Week 8

Tuesday, March 3

Come to class prepared to present your synthesis project. This project can take pretty much any form you like, but you must show somehow that you've been thinking about that ideas and themes we've been talking about. If you choose a non-text option, you will want to include a short reflective paper with it.

Options include: Creative writing. Art. Song. Music. Interpretive Dance. Food. Children's books. A scrapbook. A skit. A photo collage. A lesson plan for young people. A presentation. A slideshow. A video. A newscast. A satire. Slam poetry. A twitter montage. A journal. A calendar. An analysis of a movie. A presentation about an author.


Week 7

Tuesday, Feb 24
Anthology: A Blizzard Under Blue Sky. Pam Houston. p. 155.
Anthology: A Walk in the Woods: Right or Privilege? Richard Louv. p. 171.
Can we get all the nature we need from the digital world?
Short paper #12

Remind me in class that we need to talk about the synthesis paper, due March 3

Thursday, Feb 26 
Anthology: Discussing Apples, Elsa Gidlow, p 88.
Anthology: Purging the Canned, Making Room for the Fresh, Gary Paul Nabhan, p 93
Anthology: Taking Local on the Road, Camille Kingsolver, p 104
Anthology: Tune of the Tuna Fish, Sandra Steingraber, p 106
Short paper #13

Week 6

Tuesday Feb 17
The Word for World is Forest by Ursula Le Guin -- finish the book!
Bring art supplies to class if you have them.
Short paper #10

If you have time, read this very recent piece by Sandra Steingraber:
Dispatches from the Seneca Lake Uprising

Thursday Feb 19 
Anthology: Making Music with Birds and Whales. David Rothenberg, p. 54
Serenading Belugas in the White Sea by David Rothenberg (Be sure to check out the link at the side -- you can hear the audio)
Dylan Winter and the Starling Murmurations 
Anthology: Apologia. Barry Lopez. p. 72.
Short paper #11

Weeks 4 & 5

Tuesday February 3 
Anthology: What Holds the Water, What Holds the Light. Linda Hogan, page 143.
Patience by David Gessner.
The Wireless Woods by David Gessner.
Short paper #6

Thursday February 5 
The Word for World is Forest, Ursula Le Guin, pp 1-62
Short paper #7

Tuesday February 10 
NO CLASS THIS DAY
Find a place outside to sit quietly and observe for an hour. Then come inside and write about the experience. Bring that piece of writing to class on Thursday.
Short paper #8 Nature Writing by you.

Thursday February 12 
The Word for World is Forest, Ursula Le Guin, pp 63-128.
You might want to check out this poem by Ursula Le Guin in Orion.
Short paper #9

Week Three

Tuesday, Jan 27 
The readings this week are in the anthology Literature and the Environment. If you don't have your books yet, I put a copy on reserve in Moon Library.

Living Like Weasels, Annie Dillard, p 5.
Irregular Flight, Kent Nelson, p 8.

Here's the short video we tried to watch in class before discovering that the wifi on the third floor of Bray totally sucks: John Oliver's take on climate change.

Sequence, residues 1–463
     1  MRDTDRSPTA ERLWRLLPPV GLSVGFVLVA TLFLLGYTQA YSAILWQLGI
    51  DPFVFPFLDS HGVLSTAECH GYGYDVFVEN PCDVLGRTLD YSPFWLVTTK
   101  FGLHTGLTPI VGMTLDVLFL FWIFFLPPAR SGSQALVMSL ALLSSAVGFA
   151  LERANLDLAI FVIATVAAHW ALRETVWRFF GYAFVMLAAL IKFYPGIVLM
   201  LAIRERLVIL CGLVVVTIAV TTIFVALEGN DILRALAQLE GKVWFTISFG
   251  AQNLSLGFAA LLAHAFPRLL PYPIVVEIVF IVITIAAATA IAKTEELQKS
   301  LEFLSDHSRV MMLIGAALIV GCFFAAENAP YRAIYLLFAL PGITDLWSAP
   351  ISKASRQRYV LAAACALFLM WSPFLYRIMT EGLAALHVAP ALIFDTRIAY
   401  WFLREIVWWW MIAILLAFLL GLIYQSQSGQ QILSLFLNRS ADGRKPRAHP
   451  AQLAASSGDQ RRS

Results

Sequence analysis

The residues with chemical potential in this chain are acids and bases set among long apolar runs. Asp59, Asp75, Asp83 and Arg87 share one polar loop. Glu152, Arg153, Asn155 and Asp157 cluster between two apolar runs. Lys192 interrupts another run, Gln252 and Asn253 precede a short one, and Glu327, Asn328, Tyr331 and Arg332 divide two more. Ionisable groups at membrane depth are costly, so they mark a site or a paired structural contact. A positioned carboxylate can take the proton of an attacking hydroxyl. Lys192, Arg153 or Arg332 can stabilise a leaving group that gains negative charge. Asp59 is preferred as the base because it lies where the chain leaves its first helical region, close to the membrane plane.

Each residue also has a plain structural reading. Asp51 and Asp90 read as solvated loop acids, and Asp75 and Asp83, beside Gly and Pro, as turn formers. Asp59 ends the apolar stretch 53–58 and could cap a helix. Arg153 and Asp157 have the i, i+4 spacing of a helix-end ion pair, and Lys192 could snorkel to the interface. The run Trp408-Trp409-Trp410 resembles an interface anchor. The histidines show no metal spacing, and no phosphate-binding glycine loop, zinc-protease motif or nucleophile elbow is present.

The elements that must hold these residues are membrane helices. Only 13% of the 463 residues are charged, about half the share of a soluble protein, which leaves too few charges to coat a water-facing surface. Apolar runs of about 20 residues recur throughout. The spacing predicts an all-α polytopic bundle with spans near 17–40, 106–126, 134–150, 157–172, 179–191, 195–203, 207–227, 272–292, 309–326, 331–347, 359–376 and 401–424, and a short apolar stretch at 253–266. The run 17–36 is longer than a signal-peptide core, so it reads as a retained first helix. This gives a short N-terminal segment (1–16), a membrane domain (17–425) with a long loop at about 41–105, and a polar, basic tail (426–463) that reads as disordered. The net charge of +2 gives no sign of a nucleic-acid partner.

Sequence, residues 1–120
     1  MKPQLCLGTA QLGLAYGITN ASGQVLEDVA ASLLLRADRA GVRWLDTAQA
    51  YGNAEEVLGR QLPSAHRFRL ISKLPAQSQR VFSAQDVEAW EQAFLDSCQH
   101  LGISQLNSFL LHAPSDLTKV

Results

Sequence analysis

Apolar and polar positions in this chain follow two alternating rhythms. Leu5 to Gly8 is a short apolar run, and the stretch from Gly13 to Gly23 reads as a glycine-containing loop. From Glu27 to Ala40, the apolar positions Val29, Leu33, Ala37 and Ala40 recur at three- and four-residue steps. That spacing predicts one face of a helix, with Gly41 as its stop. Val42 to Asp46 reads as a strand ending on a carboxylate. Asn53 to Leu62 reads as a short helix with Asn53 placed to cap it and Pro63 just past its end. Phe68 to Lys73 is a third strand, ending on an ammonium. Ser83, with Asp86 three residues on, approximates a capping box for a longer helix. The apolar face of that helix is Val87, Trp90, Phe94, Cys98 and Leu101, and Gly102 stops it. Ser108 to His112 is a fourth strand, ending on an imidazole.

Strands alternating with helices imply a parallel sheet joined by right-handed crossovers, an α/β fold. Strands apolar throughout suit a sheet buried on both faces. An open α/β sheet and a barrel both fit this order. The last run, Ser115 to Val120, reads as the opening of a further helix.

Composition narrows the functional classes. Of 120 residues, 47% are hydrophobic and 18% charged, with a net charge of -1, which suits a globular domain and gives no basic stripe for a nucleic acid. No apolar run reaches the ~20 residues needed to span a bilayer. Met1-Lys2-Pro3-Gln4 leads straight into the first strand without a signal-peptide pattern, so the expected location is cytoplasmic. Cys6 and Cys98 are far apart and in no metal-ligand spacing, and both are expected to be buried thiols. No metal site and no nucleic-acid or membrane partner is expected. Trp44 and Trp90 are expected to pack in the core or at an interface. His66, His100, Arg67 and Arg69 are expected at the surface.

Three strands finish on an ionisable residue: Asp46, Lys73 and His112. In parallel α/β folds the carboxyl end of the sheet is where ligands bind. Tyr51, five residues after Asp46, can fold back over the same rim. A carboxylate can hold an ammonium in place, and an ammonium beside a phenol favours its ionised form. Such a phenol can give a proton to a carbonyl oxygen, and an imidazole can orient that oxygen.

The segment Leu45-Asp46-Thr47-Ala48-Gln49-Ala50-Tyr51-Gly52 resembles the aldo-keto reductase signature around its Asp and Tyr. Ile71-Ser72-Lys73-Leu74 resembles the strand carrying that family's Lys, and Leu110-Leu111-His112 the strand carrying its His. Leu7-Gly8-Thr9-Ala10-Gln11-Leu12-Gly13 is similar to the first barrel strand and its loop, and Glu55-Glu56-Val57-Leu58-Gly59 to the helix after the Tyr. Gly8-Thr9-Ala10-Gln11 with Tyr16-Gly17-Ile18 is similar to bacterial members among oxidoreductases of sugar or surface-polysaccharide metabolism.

Short paper #4

Thursday, Jan 29 

Snow Day, Lisa Couturier, p 15.
Marking my Territory, David Gessner, p 17. 
Knot, Pattiann Rogers, p 45.
David Gessner’s “Transformation video”

Short paper #5

Week Two

Tuesday, January 20 

In your folder, read:
Raymond Carver, Ray A. Young Bear, Joy Harjo, Stanley Kunitz, Roxana Robinson.
But also check out this editorial in the NY Times: If You See Something, Say Something

Short paper #2 

Thursday, January 22

In your folder, read:
Wendell Berry, Mary Oliver, Joseph Bruchac, Derrick Jensen, Bill McKibben.

And if you see this in time, check out John Oliver's take on climate change.

Short paper #3

Week One

Welcome! This is the course blog, where I'll post assignments and announcements. (Check out the Assignment Schedule in the Sidebar if you want to see the whole semester at a glance.)

The first thing you need to do for this course is make sure you have the books. Since it will take a couple of days for the books to arrive, you will want to order them as soon as possible. You should be able to find pretty inexpensive copies online.

Literature and the Environment
edited by Lorraine Anderson, Scott Slovic, and John P. O’Grady.

Make sure you get the SECOND EDITION. It should look like this:



Gathering Moss by Robin Wall Kimmerer
The Word For World is Forest by Ursula LeGuin
The Bee-Loud Glade by Steve Himmer

For Thursday, January 15 
We will read poems from different time periods, just so we can get a glimpse of the history of nature poetry before reading contemporary literature. 

William Wordsworth (1770-1850) -- Romantic British poet 
John Keats (1795-1821) -- Romantic British poet 
Gerard Manley Hopkins (1844-1889) - Victorian British poet 
Emily Dickinson (1830-1886) -- American poet 
E. E. Cummings (1894-1962) -- American poet 
Mary Donahoe (1941) -- contemporary American poet 
Adrienne Rich (1929-2012) -- American poet 

Plus, check this out: The Intergovernmental Panel on Climate Change Turned into Haiku

Short Paper #1 due. Think of a short paper as a way to add to the conversation in the classroom. We will be sharing them with each other.